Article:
Many teachers have access to a welcoming and supportive community. Ryan stresses that new teachers should never be afraid to ask for help, which was something he had to learn quickly on the job. Harry tells Beyond Prof that the teaching content is different and the pace of the teaching is different. “You see your students all. The. Time,” he says. “You see your students five days a week.” Dealing with ninth graders is very different than dealing with undergraduate freshman, and you might find that you have to learn and adapt to the culture of the school. Part of the school’s culture will be interacting with parents, something that Tom felt he had to learn quickly. When teaching in academia, typically PhDs do not have to meet with a student’s parents to discuss grading and educational choices, but in K-12 the teacher communicates with parents regularly.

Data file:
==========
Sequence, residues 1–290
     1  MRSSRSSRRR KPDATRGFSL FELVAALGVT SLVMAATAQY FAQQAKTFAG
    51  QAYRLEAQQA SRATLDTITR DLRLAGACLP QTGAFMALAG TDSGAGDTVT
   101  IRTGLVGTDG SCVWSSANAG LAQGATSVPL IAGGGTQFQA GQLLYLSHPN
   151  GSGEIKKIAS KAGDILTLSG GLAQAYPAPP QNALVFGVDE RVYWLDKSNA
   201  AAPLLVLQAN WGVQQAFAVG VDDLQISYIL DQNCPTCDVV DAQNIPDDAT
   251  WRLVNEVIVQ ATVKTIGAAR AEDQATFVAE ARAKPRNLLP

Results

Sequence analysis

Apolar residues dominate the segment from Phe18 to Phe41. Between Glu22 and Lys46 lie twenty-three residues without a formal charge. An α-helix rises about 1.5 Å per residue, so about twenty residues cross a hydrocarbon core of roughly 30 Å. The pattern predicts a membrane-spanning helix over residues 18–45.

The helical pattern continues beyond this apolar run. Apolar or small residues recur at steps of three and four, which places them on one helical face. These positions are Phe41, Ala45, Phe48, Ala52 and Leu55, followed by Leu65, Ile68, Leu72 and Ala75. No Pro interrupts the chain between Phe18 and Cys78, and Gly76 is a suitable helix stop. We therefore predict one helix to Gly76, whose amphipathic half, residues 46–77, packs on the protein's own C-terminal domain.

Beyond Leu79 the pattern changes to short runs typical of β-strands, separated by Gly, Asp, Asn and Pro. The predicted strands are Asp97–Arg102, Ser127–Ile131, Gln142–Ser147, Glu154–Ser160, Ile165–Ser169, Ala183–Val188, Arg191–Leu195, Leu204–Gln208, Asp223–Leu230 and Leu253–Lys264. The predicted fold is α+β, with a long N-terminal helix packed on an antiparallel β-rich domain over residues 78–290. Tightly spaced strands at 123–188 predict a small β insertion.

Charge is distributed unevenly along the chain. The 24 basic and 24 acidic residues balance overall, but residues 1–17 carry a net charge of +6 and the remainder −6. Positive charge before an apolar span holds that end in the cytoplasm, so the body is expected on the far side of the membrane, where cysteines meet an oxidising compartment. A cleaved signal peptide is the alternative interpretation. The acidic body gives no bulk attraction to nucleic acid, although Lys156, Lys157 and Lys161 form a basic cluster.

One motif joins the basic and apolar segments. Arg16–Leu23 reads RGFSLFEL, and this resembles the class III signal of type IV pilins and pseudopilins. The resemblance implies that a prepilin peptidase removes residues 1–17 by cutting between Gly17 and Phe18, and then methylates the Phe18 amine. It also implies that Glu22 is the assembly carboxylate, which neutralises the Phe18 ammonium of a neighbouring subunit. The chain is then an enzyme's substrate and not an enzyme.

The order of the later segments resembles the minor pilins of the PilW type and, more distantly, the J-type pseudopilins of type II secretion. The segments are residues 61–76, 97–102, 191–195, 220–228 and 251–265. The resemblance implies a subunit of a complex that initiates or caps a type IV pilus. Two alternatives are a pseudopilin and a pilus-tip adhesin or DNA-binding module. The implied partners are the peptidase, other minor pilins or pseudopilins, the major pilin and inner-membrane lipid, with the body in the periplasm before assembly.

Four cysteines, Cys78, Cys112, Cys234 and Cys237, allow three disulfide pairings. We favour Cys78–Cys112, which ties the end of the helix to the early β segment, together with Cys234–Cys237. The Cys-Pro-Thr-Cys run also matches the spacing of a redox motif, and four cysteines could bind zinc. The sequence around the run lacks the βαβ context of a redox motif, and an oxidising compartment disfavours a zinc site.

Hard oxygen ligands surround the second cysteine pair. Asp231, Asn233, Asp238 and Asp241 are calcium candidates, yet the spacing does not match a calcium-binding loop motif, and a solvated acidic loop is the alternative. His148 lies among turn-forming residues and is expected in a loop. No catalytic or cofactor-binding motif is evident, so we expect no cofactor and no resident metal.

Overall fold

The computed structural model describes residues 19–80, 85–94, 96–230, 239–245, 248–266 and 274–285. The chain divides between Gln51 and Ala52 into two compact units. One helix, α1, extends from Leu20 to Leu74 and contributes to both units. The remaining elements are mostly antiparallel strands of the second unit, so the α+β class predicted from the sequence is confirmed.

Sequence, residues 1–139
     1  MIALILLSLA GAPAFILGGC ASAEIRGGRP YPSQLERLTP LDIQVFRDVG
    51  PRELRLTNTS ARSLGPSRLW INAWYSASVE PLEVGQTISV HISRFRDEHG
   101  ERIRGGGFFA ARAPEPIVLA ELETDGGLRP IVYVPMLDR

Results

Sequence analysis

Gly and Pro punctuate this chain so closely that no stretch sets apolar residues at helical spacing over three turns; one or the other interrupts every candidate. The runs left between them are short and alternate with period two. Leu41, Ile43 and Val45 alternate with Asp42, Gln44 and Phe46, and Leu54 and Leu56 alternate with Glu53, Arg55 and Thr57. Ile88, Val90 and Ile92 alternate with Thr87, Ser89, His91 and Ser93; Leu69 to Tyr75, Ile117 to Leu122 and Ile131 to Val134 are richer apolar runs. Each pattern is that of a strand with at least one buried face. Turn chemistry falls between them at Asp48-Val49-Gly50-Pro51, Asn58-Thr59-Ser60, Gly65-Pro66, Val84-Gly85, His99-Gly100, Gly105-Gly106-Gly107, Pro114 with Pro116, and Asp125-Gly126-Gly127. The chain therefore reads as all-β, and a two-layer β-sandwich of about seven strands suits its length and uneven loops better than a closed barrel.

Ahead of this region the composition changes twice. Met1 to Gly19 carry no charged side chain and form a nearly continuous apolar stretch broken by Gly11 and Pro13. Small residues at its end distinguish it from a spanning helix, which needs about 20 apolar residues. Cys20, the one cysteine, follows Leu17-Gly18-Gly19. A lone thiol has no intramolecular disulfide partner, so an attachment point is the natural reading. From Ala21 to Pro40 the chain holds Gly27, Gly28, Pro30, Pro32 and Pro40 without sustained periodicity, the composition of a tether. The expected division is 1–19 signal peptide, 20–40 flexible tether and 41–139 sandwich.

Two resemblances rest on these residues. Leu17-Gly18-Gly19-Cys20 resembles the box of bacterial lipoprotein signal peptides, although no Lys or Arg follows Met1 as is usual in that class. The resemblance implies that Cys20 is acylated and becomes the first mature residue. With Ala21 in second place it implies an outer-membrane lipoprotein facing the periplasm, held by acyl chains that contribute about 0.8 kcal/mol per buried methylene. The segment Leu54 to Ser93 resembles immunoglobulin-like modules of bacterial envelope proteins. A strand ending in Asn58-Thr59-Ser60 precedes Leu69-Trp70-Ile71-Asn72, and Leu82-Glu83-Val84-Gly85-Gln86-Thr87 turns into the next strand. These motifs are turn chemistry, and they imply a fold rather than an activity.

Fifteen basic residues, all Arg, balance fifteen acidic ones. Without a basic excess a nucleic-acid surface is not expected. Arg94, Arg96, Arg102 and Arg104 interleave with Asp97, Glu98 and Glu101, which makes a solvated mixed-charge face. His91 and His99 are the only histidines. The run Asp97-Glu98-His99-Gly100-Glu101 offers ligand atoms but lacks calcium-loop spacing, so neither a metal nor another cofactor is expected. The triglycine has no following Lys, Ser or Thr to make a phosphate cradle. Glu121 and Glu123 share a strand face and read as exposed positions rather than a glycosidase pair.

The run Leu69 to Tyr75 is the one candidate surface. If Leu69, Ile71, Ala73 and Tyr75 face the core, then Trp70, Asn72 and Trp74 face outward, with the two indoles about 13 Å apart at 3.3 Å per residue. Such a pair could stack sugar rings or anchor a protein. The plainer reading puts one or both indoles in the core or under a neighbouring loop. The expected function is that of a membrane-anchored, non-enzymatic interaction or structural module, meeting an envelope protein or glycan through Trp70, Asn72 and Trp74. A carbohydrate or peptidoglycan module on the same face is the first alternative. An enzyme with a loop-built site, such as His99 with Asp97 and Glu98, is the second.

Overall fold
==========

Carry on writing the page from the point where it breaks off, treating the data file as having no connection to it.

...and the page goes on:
5. ...But you'll find yourself making a daily impact.
Tom says he was surprised by how much he loves being a teacher. As he moved through graduate school, he found that what he really loved was the teaching – and interacting with the students. Seeing students grow and mature over the course of their high school career has also been really rewarding. Harry seconds this; he had deeply internalized the feelings of failure that academia can make PhDs feel when they leave the academy. “I had this really palpable sense of shame,” he says. “And that faded after the first year, because I realized that I love my job.”